|f||Absolute deadline for submitting work, 1PM|
|M||Discuss midterm exam|
|n||No class - University holiday|
|r||No class - Religious holiday|
|i||Final: Wednesday Dec 18 1:00‒3:00pm|
Students will be graded 50% on projects, 40% on exams (30% on each student's better exam, 10% on the other one), 5% on attendance, and 5% on in-class lab assignments. Final grades will be assigned according to the following scale: A=90-100%, B=80-89%, C=70-79%, D=60-69%, E=0-59%. I generally do not give incomplete grades.
Projects are due at the start of class on the days indicated above. Laboratory assignments should be done during class on the indicated days, but they will be accepted until midnight that night. After that time they will get a 0 grade.
Late projects are penalized 3% (of the total possible points) per day for each day late, not including weekend or holidays. The maximum penalty is 7 days late; after that, one may hand in an assignment and still get 79%. However, the absolute deadline is class time on Wednesday of the last week of classes. No extra credit is available on late projects. A student who turns in a project early gains early credits (which also ignore weekends and holidays), which are only used to offset late penalties on other assignments but have no other value.
Attendance is mandatory. If you attend 80% or more of the classes (ignoring classes for which you have an excused absence), you get the full 5 points. If you attend fewer than 80%, you get 0 attendance points. I'll make reasonable allowances for family emergencies, medical events (suitably documented at Tier 2 or Tier 3), job interviews (with verification) or religious observances (inform me in writing during the first week of class).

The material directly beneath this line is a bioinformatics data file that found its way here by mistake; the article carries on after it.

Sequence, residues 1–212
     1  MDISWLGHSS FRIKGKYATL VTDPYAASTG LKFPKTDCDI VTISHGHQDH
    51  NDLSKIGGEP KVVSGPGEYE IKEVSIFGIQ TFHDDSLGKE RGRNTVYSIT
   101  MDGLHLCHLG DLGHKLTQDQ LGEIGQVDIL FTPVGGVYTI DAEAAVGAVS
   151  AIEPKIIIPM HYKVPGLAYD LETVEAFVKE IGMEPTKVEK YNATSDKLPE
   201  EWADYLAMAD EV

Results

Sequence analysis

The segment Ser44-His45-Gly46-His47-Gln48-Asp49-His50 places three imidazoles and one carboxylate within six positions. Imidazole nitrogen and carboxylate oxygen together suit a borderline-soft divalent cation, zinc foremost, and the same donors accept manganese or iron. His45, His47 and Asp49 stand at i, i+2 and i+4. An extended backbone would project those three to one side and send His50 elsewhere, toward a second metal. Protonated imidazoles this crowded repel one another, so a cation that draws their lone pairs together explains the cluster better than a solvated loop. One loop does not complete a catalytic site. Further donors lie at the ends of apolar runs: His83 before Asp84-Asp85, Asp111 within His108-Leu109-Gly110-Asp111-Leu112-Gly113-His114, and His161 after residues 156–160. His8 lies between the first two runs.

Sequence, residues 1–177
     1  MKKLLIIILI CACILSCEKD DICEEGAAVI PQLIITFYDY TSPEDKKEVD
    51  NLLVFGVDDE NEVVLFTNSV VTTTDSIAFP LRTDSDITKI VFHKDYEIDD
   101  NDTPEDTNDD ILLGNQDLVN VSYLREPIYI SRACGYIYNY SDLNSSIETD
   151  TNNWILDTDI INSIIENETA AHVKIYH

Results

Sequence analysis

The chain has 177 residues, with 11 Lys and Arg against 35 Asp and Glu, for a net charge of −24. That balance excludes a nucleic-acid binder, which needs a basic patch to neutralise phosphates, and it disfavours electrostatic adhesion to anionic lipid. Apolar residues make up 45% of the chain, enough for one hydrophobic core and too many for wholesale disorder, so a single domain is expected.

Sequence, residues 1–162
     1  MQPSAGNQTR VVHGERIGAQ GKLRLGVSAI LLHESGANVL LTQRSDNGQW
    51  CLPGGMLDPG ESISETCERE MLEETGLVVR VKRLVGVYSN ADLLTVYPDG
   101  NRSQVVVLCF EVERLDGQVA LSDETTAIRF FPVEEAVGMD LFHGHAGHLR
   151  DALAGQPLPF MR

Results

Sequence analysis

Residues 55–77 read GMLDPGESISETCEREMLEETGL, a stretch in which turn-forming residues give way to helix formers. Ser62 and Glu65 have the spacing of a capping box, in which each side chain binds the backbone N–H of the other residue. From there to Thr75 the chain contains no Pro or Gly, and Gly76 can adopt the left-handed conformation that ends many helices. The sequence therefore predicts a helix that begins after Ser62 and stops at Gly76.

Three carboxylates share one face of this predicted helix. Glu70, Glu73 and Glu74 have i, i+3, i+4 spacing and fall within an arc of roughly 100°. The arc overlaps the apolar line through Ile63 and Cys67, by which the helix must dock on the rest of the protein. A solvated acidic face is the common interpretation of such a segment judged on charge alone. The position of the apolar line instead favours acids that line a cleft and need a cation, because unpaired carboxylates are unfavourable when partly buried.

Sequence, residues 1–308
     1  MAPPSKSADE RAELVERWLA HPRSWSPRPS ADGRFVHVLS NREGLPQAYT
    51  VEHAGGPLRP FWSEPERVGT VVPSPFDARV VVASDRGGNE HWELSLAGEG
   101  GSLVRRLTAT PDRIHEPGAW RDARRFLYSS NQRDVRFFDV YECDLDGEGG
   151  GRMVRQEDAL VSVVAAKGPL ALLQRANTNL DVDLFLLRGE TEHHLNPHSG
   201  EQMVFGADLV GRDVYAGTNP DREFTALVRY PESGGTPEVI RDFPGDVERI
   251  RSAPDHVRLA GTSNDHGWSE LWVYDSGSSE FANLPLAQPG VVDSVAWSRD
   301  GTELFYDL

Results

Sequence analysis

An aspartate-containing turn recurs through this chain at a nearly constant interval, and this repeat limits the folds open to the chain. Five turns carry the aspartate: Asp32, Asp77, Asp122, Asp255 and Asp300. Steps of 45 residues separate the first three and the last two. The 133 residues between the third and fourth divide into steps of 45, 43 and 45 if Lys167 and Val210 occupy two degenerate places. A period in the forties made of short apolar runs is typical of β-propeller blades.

Students must use the computing facilities on campus in accordance
with standards of honesty and personal
conduct. Those standards, outlined in the University of Kentucky
Policy governing access to and use of University of Kentucky computing resources ,
call for all members of the community to act in a responsible,
ethical, and professional way.
All academic work, written or otherwise, that you submit is expected to be the result of your own thought, research, or self-expression. You may certainly discuss the assignments with each other, but you must not show each other your work; everyone must develop the assignments completely independently. It is a serious offense to allow other students to copy your work or to copy the work of other students (even if it is in a public computer file or on github based on similar assignments). If you borrow ideas, algorithms, wording, or code from other sources, you must acknowledge that fact or you have committed plagiarism. You may not use any code you find on the Internet. If you re-use code you acquired in a previous course, insert a comment indicating what course provided the code. If you directly take more than about 4 words in a row from any source, you must indicate that you have done so, typically with a footnote or an in-line citation, using indentation or quote marks to set off the quoted text. (Some of this text was taken years ago from an online plagiarism guide that I can no longer find.) I punish offenses against this policy quite strictly.